American airpower pioneer Brig. Gen. Billy Mitchell was the groundbreaker when it came to demonstrating the ability of warplanes to sink large enemy vessels.
This took place on July 21, 1921, when Mitchell’s airmen, via the dropping of six 2,000-lb. bombs, sank the 22,448-ton German battleship Ostfriesland – a veteran of the epic WWI Battle of Jutland – thus proving that airplanes could sink capital ships.
However, much controversy surrounded this accomplishment: among other things, the Ostfriesland was at anchor and unable to maneuver and there was no defensive antiaircraft (triple-A) fire to hinder the aerial attacks.
Big Bomb vs. Big Boat Back Then Part Deux: “Tallboy v. Tirpitz
By WWII warplanes repeatedly demonstrated the ability to sink battleships in actual wartime conditions, in spite of the latter being able to both maneuver and put up a triple-A fire defensive screen. Arguably the most dramatic and efficient instance of bombers killing a battleship took place at Operation Catechism on November 12, 1944, when RAF Lancaster bombers, packing 12,000-lb. “Tallboy” bombs, attacked the 42,200-ton Kriegsmarine battleship Tirpitz and scored two direct hits along with a near miss, which caused the vessel to capsize and sink rapidly, with death toll estimates varying from 950 to 1,204 crewmen.
Big Bomb vs. Big Boat Now: “Quicksink” v. Courageous
Time and technology have allowed for the next generation of anti-ship warfare. The Quicksink program has turned out a smart bomb that is essentially an iteration of the 2,000-lb. Joint Direct Attack Munition (JDAM), developed by the Air Force Research Laboratory (AFRL) as a Joint Capability Technology Demonstration (JCTD) “which creates air-delivered, low-cost, surface vessel defeat capability for the warfighter … This JCTD uses an existing guidance kit integrated with the new seeker to rapidly demonstrate the capability at minimal costs … The WOSA seeker also allows the technology to be included on a variety of current and future weapons systems and enables them to engage static and moving maritime targets.”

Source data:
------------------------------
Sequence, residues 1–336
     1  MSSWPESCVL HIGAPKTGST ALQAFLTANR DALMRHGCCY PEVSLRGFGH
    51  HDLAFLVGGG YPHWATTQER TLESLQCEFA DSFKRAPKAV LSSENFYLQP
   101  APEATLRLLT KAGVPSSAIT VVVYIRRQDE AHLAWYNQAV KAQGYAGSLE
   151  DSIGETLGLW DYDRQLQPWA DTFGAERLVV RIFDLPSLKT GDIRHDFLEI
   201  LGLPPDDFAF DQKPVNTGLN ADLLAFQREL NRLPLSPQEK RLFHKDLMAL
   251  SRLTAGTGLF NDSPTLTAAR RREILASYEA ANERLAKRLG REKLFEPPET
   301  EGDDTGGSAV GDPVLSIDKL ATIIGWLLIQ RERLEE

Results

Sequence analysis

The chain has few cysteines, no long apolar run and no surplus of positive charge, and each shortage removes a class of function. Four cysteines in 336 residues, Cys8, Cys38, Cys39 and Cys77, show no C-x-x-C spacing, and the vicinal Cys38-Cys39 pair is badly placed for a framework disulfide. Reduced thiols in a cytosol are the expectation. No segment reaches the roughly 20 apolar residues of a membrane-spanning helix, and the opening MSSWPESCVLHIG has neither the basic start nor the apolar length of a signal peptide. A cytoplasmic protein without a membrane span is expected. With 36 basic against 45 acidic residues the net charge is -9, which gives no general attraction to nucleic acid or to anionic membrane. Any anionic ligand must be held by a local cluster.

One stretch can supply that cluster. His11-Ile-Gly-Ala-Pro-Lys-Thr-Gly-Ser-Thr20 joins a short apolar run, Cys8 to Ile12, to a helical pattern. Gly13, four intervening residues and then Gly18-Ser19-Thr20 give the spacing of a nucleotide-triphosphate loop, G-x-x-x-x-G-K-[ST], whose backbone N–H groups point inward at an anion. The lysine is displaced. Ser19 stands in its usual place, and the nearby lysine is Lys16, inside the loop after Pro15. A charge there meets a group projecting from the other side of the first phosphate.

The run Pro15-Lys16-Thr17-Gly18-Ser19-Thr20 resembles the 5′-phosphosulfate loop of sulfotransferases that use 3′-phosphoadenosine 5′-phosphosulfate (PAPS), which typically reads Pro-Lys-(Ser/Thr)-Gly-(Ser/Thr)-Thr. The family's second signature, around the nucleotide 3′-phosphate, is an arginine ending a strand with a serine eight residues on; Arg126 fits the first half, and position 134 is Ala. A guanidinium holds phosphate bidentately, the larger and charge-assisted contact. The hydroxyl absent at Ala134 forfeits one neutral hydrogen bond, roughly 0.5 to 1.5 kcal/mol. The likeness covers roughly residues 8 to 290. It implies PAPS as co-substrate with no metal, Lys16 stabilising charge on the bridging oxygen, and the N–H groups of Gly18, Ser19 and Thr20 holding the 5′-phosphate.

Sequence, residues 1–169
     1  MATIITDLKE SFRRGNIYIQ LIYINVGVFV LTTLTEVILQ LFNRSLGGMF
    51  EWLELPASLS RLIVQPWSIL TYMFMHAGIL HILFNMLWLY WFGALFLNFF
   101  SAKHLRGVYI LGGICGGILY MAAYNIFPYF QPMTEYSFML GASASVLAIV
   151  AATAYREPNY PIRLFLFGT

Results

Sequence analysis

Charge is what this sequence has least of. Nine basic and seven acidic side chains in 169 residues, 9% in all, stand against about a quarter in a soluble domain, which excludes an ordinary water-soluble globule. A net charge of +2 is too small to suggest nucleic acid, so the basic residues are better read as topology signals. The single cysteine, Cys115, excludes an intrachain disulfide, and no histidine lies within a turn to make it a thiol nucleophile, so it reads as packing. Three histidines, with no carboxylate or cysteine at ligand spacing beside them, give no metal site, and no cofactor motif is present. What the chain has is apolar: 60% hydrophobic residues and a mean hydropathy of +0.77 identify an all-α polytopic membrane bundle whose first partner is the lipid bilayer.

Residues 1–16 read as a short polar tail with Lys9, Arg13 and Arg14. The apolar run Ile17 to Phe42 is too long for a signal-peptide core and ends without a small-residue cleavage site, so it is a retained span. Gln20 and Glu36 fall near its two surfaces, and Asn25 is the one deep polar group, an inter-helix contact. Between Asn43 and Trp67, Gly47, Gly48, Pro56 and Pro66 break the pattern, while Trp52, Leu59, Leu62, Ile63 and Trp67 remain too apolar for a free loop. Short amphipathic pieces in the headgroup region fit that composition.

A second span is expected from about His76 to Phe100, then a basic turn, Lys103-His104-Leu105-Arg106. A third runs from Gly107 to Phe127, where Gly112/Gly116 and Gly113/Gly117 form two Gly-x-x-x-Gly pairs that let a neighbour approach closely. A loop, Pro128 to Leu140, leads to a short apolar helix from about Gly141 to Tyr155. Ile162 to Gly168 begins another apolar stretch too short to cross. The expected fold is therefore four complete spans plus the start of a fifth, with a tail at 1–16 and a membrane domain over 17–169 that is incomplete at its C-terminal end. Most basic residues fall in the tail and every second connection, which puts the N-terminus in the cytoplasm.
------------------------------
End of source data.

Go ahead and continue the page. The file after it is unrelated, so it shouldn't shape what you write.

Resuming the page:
In short, the munition is intended to provide the U.S. Air Force with the same one-shot, one-kill capability as the U.S. Navy submarine force’s Mk-48 torpedoes.
The “massive cargo ship” used for the demonstration was the break bulk carrier Courageous, which bore a gross tonnage of 30,046 tons. The warbird used to take advantage of the vessel’s sacrifice was the F-15E Strike Eagle, i.e. a single sleek fighter bomber performing the same task that used to require multiple heavy bombers in the previous century. The event took place in the Gulf of Mexico, and reportedly the sinking took place within 40 seconds from the time of initial impact.
As a Forbes Senior Contributor put it in an article published last May in 2022, “After a stunning live-fire demonstration in the Gulf of Mexico, America’s new QUICKSINK bomb, a fast-moving Joint Capability Technology Demonstration, is ready to target China’s vast armada of aggressive civilian and lightly-armed military craft…The QUICKSINK bomb fills a long-vacant niche.
For years, both the U.S. Navy and the U.S. Coast Guard have struggled to address China’s enormous array of lightly armed government vessels and dual-use civilian craft. Often hard to control, stop, or sink, these Chinese boats are often employed, in fleets of hundreds, to achieve China’s maritime goals or to directly support military action.”
Christian D. Orr is a former Air Force Security Forces officer, Federal law enforcement officer, and private military contractor (with assignments worked in Iraq, the United Arab Emirates, Kosovo, Japan, Germany, and the Pentagon). Chris holds a B.A. in International Relations from the University of Southern California (USC) and an M.A. in Intelligence Studies (concentration in Terrorism Studies) from American Military University (AMU). He has also been published in The Daily Torch and The Journal of Intelligence and Cyber Security. Last but not least, he is a Companion of the Order of the Naval Order of the United States (NOUS).